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Michelle Veyvoda, Ph.D., CCC-SLP

Assistant Professor, Communication Sciences and Disorders Department

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Office:
18 President Street, Room 104
Phone:
(914) 633-2177 (914) 633-2177
Email:

Degrees:

  • Ph.D., Columbia University
  • MS, Gallaudet University
  • BS, University of Massachusetts, Amherst

Dr. Michelle Veyvoda teaches courses in introduction to hearing science, audiology, introduction to American Sign Language, fluency disorders, and current issues in audiology. Her research interests focus on the clinical and academic preparation of speech-language pathologists, especially related to working with deaf and hard of hearing children. She also engages in interdisciplinary research related to the deaf and hard-of-hearing population.

Dr. Veyvoda’s research interests focus on the clinical preparedness of speech-language pathologists to work with profoundly deaf students, as well as public policy issues that impact people with hearing loss and communication difficulties in general. In addition, Dr. Veyvoda is interested in exploring the role of phonotraumatic behaviors in the development of vocal pathology.

Veyvoda, Michelle and Rufsvold, Ronda (2016). Changing Landscape for Children with Hearing Loss: Implications for Policy and Practice. Presented at the New York State Speech-Language-Hearing Association (NYSSLHA) Annual Convention. Saratoga, NY.

Veyvoda, Michelle and Van Cleave, Thomas (2016). A service-based approach to audiology instruction for undergraduate students. Submitted in April 2016 to ASHA Annual Convention. Philadelphia, PA. Veyvoda, Michelle (2008). Speech and language development of infants and toddlers. Invited lecture at Bank Street College of Education Infancy Institute, 2008 - 2014.
 
Veyvoda, Michelle (May 2013). An investigation into the skill set of speech-language pathologists working with profoundly deaf students: A study in context. Poster presented at Opportunities and Outcomes for People with Disabilities: Bridges to Empowerment Annual Conference, New York, New York.
 
Veyvoda, Michelle (November 2012). An investigation into the skill set of speech-language pathologists working with profoundly deaf students: A study in context. Poster presented at the American Speech-Language and Hearing Association (ASHA) Annual Convention, Atlanta, GA.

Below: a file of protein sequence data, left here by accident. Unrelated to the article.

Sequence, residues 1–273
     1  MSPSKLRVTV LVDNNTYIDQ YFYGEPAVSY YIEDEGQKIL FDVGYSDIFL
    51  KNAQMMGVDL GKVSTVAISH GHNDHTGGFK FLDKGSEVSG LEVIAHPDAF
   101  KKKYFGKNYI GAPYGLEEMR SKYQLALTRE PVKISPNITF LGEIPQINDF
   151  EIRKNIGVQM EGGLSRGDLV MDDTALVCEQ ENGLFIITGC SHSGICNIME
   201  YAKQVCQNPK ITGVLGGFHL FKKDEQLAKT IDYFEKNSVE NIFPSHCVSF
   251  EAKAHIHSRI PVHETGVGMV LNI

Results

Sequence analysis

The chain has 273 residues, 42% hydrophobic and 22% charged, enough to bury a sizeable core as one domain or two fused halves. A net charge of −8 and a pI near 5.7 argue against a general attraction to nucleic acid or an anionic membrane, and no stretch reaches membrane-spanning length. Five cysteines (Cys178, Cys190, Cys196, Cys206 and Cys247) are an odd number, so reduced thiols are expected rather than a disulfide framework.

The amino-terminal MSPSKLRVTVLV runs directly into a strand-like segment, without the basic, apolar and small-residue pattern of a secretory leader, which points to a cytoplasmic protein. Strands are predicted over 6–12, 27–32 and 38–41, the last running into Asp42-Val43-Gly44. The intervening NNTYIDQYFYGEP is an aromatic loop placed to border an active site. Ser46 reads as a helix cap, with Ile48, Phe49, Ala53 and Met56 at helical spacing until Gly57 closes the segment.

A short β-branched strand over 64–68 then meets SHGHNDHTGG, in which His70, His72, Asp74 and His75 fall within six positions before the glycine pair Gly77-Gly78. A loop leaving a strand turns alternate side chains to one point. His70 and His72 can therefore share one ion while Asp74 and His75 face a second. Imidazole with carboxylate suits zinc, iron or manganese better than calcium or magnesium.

Veyvoda, M. (2005). The Perspectives of Culturally Deaf Parents on Communication Therapy Services for their Deaf Children. Thesis prepared for M.S. degree, Department of Hearing, Speech and Language Sciences, at Gallaudet University, Washington, DC.
Advisor: Mary June Moseley

Dr. Veyvoda is an assistant professor and speech-language pathologist. A native of New Rochelle, Dr. Veyvoda spent her childhood cheering on the Iona Gaels. With certifications through ASHA and New York State, Dr. Veyvoda specializes in working with children who are deaf and hard of hearing, using American Sign Language, Total Communication, AAC and Spoken Language approaches. She has additional clinical experience with early intervention and pre-school populations. Dr. Veyvoda is the advisor to the American Sign Language Club at Iona College and supervises the SCS Departmental Newsletter.

  • Alexander Graham Bell Association
  • New York State Speech-Language Hearing Association
  • American Speech-Language Hearing Association
  • ASHA Special Interest Group on Voice and Voice Disorders
  • ASHA Special Interest Group on Hearing and Hearing Disorders in Childhood
  • Iona College Faculty Innovation Grant, 2016
  • New Rochelle Rotary Club Grant, 2016
  • Iona College Faculty Travel Grant, 2016
  • Dr. Shirley A. Sacks Scholarship, 2008 (Teachers College, Columbia University)
  • E.E. Farrell Scholarship, 2010 (Teachers College, Columbia University)
  • Teachers College General Scholarship (for Research Fellowship in the Center for Opportunities and Outcomes for People with Disabilities), 2011-2012
  • Speech-Language Pathologist (CCC-SLP) with New York State Certification
  • Teacher of Students with Speech and Language Disabilities (TSSLD)
  • Aural rehabilitation
  • Early language development
  • Voice and voice disorders